Friday Bread Basket 2/24/23
Breadless bread basket
Welcome to the Wordloaf Friday Bread Basket, a weekly roundup of links and items relating to bread, baking, and grain.
As I’ve mentioned before, I’ve been a big fan of millet in baking, ever since I ended up with an accidental extra bag of the grain. Like naked barley, millet is now being recognized as an important crop for a warming world:
Millets are a group of small grains – technically seeds – that are grown on lands with poor soil quality or limited access to irrigation. They are versatile ingredients that can be used both in their original grain form in porridges and as rice substitutes, or as flour to make flatbreads and other baked goods.
Once a staple in traditional Indian cooking, millets fell out of favour over the years, and have been making a slow comeback in India and across the world. To keep this momentum going, the United Nations has declared 2023 the International Year of Millets.
At the announcement ceremony in December 2022, Qu Dongyu, the Director-General of the UN's Food and Agriculture Organization, spoke about the nutritive value of millets and their invaluable role in empowering small farmers, tackling food security issues and achieving sustainable development.
Rize Up rising
I’ve been following (on Instagram) the goings-on at San Francisco’s Rize Up Sourdough, a Black-owned bakery, ever since launched during the early days of the pandemic. Up until now, owner Azikiwee Anderson’s amazing-looking breads have only been available at farmer’s markets, but as of this summer, they’ll get a fancy new permanent home in the city’s SoMa district:
If you’re into bread, you might have already noticed a new style of sourdough skidding into farmers’ markets and coffee shops around town. These wildly colorful loaves star unexpected mix-ins: sausages and okra, tinted golden yellow with masala and ultraviolet with ube. All are wrapped in a brown paper bag with a Black fist raised on the front. This daily bread is the work of Azikiwee Anderson of Rize Up Bakery, who flipped into the sourdough scene during the pandemic, when he started baking in his backyard. The big bread news is that this summer, the rare Black baker in San Francisco will publically open the doors of his massive new bakery in SoMa. There he continues reimagining what one of our most iconic local foods can look and taste like.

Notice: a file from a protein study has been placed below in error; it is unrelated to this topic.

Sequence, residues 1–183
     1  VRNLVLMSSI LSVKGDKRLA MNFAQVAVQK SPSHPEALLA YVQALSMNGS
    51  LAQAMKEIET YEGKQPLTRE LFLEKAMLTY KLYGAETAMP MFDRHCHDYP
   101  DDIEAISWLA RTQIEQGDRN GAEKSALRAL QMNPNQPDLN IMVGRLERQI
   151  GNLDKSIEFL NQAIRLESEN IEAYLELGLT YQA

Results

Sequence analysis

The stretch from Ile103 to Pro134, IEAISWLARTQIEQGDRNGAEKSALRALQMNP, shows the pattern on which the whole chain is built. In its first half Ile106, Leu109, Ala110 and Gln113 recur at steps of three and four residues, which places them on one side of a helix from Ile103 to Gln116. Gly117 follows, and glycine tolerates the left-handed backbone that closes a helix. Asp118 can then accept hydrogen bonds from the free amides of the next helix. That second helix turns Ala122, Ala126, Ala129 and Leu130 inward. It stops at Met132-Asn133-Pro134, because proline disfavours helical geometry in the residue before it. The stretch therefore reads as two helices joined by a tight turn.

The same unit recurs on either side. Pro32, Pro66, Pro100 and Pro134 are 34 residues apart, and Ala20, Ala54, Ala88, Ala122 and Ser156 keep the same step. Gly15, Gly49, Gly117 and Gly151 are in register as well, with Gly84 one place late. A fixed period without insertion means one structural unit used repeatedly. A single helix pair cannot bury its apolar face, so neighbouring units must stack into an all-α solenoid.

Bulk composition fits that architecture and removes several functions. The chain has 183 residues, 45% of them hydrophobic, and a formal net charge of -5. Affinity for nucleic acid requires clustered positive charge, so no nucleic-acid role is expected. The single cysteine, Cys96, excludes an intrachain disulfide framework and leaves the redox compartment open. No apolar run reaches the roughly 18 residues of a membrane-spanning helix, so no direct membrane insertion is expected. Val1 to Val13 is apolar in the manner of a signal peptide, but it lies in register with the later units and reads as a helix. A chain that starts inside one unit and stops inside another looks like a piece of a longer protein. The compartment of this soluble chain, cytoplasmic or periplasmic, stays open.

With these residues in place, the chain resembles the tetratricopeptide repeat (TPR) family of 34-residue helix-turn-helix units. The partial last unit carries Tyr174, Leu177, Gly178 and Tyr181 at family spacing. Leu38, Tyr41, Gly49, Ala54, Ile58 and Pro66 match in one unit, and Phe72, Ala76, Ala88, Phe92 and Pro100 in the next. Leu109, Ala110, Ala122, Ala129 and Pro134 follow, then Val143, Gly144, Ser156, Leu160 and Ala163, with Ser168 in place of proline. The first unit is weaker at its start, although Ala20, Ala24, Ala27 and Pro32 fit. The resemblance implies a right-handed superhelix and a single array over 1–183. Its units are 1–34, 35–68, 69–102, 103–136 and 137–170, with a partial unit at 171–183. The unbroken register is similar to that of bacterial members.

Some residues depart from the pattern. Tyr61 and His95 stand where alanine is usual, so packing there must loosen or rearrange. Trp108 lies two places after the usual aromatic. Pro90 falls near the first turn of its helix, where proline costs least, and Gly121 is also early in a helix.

Last fall Rize Up took over the former Vive La Tarte location at 1160 Howard, which closed remarkably quietly, considering it was cavernous. It’s a huge industrial space spanning 5,000 square feet and illuminated by skylights. The team fired up the ovens in September 2022, and have been selling bread for pickup and delivery, as well as through local groceries, farmers’ markets, coffee shops and restaurants, including Sorella, The Morris and 25 Lusk. Soon, you’ll be able to float in, grab a loaf of bread, maybe even sip a latte and experience the vibe of the bakery. Anderson is still figuring out the menu, counter and seating.
Can’t wait to get out there and finally try their breads.
=> Edible San Francisco: Black Sourdough Rises in San Francisco
Breakfast of Champs?
I’ve mentioned Arturo Enciso’s Gusto Bread here before, another California bakery I’ve been dying to get to. So I was pleased to see his recent story and recipe on the King Arthur blog on champurrado, the Mexican masa harina-based chocolate drink:
Champurrado, as it’s known in Mexico, is a thick and creamy chocolate corn-based drink that dates back thousands of years. It’s made with just a few simple ingredients: water (or milk of your choice), masa harina, chocolate, piloncillo or dark brown sugar, and spices (typically cinnamon, though anise, cloves, or nutmeg are sometimes included, as well as vanilla).
Champurrado is the chocolate version of a category of drinks known as atole: A thickened, warm, sweet drink made with masa, originating in Mexico and Central America. Though widely popular during November and December holidays (such as Posadas, Christmas, and Día de los Muertos), champurrado can be enjoyed any time of year and at various times of the day. Despite the sugar, it’s often served as a fortifying morning meal alongside a side of toast or pastry that you can dunk into the velvety drink (perhaps Conchas de Maíz?). You can also have it later in the day, as an afternoon snack or a satisfying nightcap before bed.
It’s going to be another cold weekend here in MA, might just whip up a batch of this.
That’s it for this week’s bread basket. I hope you all have a peaceful weekend, see you next week.
I've recently started to use millet more frequently, even though it's been a steady presence on my grain shelf for years. It's easy to cook (20 minutes!) and tasty. Hidden in the article you shared is this link to The Millet Project in California, with recipes I'll be eager to try: https://themilletproject.org/recipes/ . I've only ever seen one kind (Bob's Red Mill), and never the flour. But I should be able to run the seeds through my Nutrigrain mill to create the flour. Thanks for sharing!
Hello from San Francisco!! Rize Up is THE BEST. I have been buying his bread (just by ringing his door bell!) since he first started baking during shelter in place. He provides mail order. I've sent loaves to family in Texas and in New York and all have reported that it was seamless and delicious. They just do a quick blast in a hot oven to re-crisp the outside. It's a lot o spend on a loaf, but for a special occasion its a unique gift for a food lover, and his story is inspiring. (Fun Fact: a former Pro-Inline skater). https://www.sfchronicle.com/food/article/A-new-S-F-backyard-bakery-stuffs-hot-links-and-15651761.php
Enjoy the read!